Feeling a little guilty that this post is being picked up by Google search and people are landing hoping for a Hong Kong guide. So, instead of it just being its original intention – an alert that I was heading there and asking for advice, now that I’ve actually been, I can change this post into an actual mini-guide to Hong Kong!
* First, I would say that a week in Hong Kong itself is a little too long if you like to sight-see. Apart from shops and markets, there are very few touristy things to do, but here’s my mini-guide:
– Take the Star Ferry to or from Kowloon; it’s a wonderful ride across the bay with stunning, stunning views. There are plenty of guidebooks to tell you the top things to do in Hong Kong.. we loved the Funicular to the Peak..although it was something of a shock to find another shopping centre and a Starbucks at the top. I’d sort of expected a temple or something!
– Go to Macau for the day (or overnight). It’s a mind-bending experience in that it is exactly like Las Vegas.. bigger, probably. There are free buses that meet you from the Hydrofoil and take you straight to the casinos, which are obviously full of slot machines, but also places to eat and shops. We headed for Caesars, but if you haven’t been to Las Vegas, then you should probably head for the Venetian, gondolas and faux sky and all. Do go into old Macau; formerly owned by the Portugese, for authentic and historical Portugese streets, Portugese food (custard tarts recommended) and the very experience of going from Las Vegas to Portugal in a taxi ride. When you go to Macau you will have to fill in the immigration slips that they provide on the boat – take them, and your passport, with you.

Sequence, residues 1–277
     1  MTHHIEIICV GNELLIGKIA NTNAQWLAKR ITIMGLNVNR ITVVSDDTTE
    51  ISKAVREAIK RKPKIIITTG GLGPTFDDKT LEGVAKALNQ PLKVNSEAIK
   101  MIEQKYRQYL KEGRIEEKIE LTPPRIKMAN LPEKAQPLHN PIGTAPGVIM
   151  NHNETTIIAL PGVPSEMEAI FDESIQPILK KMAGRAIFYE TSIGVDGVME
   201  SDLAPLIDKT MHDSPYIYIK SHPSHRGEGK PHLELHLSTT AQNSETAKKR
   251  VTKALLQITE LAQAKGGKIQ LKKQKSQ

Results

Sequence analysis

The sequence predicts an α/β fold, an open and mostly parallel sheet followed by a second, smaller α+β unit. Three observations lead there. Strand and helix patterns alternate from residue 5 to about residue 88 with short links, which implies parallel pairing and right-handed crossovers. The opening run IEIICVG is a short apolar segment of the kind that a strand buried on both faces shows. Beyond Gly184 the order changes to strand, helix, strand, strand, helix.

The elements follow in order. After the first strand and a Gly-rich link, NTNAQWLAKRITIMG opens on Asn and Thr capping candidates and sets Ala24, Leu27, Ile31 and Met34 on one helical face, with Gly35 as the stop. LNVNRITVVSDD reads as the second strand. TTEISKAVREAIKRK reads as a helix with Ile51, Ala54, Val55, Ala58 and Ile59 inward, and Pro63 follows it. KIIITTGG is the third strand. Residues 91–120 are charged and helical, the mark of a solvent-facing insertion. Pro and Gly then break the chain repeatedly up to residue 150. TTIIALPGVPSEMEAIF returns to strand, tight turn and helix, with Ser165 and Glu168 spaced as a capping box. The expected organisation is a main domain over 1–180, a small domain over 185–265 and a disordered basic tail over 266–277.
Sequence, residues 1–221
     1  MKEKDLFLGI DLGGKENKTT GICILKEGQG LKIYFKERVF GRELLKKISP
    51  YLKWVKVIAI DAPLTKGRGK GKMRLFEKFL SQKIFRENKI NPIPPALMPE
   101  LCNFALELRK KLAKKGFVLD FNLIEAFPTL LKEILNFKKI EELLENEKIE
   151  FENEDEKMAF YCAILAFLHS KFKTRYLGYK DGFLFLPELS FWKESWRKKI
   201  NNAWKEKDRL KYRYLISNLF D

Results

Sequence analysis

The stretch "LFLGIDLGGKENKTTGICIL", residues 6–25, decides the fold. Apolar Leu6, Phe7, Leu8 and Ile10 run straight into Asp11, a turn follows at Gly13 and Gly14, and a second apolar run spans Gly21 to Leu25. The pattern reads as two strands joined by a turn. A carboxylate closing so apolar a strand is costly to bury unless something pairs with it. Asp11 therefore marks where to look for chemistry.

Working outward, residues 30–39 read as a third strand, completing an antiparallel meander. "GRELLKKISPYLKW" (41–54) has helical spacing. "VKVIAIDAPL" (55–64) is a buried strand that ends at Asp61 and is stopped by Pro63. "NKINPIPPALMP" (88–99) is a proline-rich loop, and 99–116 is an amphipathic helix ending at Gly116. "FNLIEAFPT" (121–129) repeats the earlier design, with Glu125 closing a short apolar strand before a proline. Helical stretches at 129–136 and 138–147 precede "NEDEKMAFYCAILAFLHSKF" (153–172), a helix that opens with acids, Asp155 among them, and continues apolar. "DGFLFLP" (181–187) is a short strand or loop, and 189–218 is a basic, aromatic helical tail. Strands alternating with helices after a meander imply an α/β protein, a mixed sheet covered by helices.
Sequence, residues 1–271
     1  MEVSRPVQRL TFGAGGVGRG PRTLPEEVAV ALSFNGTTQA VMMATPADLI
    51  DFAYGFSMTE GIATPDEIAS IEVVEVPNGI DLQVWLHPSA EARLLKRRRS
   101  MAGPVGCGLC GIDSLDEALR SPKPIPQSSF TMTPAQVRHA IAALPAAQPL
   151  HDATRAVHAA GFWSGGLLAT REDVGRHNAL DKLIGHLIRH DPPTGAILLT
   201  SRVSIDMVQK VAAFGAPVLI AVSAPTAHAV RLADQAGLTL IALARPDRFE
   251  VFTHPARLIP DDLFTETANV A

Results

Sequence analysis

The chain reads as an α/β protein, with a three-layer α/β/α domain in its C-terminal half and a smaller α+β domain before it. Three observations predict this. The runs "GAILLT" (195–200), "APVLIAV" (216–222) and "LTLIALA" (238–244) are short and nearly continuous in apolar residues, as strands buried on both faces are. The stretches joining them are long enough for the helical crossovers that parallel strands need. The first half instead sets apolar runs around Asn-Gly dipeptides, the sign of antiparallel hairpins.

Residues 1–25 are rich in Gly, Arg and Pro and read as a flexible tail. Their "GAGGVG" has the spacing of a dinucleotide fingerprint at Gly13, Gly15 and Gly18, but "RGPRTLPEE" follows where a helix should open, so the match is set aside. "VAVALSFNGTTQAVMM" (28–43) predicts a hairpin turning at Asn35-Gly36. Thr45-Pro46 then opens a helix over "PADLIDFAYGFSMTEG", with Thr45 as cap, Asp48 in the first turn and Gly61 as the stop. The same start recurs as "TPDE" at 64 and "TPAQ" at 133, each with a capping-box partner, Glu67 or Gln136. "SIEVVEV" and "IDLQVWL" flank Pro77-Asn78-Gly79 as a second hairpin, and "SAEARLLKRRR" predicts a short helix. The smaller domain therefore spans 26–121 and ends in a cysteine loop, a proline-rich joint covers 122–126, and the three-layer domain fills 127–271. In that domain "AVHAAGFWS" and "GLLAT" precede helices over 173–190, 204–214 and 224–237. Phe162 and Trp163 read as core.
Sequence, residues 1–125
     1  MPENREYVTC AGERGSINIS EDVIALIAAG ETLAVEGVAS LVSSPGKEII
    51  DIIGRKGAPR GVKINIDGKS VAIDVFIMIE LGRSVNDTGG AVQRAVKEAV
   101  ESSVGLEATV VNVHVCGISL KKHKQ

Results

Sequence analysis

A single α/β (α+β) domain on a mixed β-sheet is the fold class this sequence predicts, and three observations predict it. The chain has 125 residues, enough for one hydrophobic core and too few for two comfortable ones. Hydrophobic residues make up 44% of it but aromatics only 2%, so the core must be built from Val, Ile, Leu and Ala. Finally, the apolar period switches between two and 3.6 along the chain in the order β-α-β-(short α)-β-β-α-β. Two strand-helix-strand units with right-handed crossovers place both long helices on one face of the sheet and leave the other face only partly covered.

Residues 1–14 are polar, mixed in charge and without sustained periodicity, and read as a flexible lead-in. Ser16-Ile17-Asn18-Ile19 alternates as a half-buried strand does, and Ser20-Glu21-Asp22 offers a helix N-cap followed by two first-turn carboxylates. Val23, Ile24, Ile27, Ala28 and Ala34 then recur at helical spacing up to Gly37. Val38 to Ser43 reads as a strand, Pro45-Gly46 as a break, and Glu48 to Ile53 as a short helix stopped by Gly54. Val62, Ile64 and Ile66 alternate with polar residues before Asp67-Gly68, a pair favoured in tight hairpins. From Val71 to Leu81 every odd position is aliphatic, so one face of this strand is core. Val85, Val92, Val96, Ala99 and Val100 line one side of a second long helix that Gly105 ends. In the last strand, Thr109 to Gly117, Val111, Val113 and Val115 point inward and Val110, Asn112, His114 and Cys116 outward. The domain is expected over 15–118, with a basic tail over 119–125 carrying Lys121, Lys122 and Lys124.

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– Basically, Hong Kong is shops. I have no idea how the economy stays straight because you literally cannot walk down any street without encountering a shop of some sort. And, it is expensive, too. The vast majority of stores in any mall are high end with prices to match. Don’t be scared to go upstairs on side-streets where you will find warrens of tiny shops, but even they aren’t exactly bargains. We did find one shop in a basement selling premium brand clothes that obviously came directly from the warehouse – it was cheap (J Crew, Abercrombie etc) but the choice was poor. You also have to bear in mind that the clothes tend to be smaller than in Europe – so you’d struggle for a t-shirt for a 6ft man, for example, even in GAP.
– Museum wise.. the usual, a Science Museum and an Art Museum.. but we didn’t go.
– Atmosphere-wise, Hong Kong is all hussle and bustle; it is densely populated and people are constantly on the move. The buildings are high; super-high, so what you see on the ground, in streets for example, is just a tiny fraction of what goes on above.
– The Tin Hau Temple is definitely worth a look; it’s full of incense and atmosphere but is tiny.
– Generally, we found everyone to be exceptionally friendly; service is top notch but Brits can sometimes shy away from too much service, so be prepared to be very fussed over in higher end shops.